As the tensions on Temple Mont continue to sizzle, Israel’s minister of the internal security Gil’ad Ardan has vowed that Israel would scrupulously observe the status quo on the site and not allow the Waqf (the Muslim governing body for the compound) to make any lasting changes, including the building a new mosque.
Current round of tensions arose when the Waqf opened an access point to the Mount through the Gate of Mercy, a point that was walled off by Israel in 2003 due to security concerns. A Molotov cocktail thrown by an Arab youth at the Israeli police earlier in the week caused Israel to close the compound to visitors and worshipers, though it has now been reopened.
Tension on the site of the Second Temple and the Al-Aqsa mosque have been an ongoing problem ever since immediately following Israeli liberation of the Old City of Jerusalem, then minister of defense Moshe Dayan unilaterally decided to lower the Israeli flag from the top of the Mount and return control of the site to the religious Muslim authorities with no strings attached. Wholesale deliberate destruction of priceless antiquities by the Waqf followed and continues to this day.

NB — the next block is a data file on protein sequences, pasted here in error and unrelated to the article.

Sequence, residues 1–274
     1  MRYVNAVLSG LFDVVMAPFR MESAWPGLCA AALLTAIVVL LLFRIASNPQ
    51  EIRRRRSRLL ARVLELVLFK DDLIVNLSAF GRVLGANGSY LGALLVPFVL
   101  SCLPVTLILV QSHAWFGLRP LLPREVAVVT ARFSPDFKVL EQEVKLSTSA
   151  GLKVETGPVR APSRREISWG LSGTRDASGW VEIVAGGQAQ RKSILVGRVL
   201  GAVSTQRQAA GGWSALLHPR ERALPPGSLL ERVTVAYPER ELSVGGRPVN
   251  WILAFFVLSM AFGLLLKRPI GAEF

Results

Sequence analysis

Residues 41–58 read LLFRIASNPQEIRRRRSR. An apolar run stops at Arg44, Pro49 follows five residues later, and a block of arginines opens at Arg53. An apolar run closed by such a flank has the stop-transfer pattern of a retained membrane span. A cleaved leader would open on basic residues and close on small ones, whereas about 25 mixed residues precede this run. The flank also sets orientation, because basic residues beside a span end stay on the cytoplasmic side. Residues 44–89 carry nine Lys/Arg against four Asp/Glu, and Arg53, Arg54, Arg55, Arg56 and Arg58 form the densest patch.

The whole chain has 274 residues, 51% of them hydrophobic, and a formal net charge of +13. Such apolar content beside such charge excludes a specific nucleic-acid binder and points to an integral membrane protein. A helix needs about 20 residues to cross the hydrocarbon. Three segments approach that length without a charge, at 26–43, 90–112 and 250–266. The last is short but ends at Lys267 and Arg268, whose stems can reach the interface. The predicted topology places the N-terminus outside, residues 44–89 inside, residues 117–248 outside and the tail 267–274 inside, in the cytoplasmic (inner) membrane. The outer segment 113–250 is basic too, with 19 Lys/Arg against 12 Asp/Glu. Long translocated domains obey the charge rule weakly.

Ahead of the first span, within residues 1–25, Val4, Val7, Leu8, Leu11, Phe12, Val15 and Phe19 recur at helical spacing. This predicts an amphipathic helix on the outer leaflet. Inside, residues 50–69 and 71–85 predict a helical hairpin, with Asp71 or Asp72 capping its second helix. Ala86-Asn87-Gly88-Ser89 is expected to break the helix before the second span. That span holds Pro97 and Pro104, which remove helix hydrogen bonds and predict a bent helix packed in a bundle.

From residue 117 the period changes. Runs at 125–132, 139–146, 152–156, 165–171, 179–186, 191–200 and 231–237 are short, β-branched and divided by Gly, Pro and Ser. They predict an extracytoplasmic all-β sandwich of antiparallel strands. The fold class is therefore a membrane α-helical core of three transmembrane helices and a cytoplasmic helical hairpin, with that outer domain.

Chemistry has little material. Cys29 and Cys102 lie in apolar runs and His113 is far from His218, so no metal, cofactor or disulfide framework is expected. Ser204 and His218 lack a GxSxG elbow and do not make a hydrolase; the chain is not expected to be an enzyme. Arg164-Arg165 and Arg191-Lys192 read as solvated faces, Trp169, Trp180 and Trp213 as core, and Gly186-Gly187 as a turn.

Currently, Israel and Jordan are conducting talks designed to return a modicum of coexistence to the Temple Mount and the Old City of Jerusalem in general. Both sites are a major tourist draw and a pilgrim destination for Jews, Christians, and Muslims. Many tourists combine visits to Jerusalem with tours of the Christian sites in the Palestinian territories in Judea and of the Kingdom of Jordan, making settling any security concerns an economic imperative for everyone involved.
In the tug of war between economic interests and political grandstanding that surrounds the Temple Mount and Jerusalem in general, it is in everyone’s interest to make sure that the zealots do not win the day.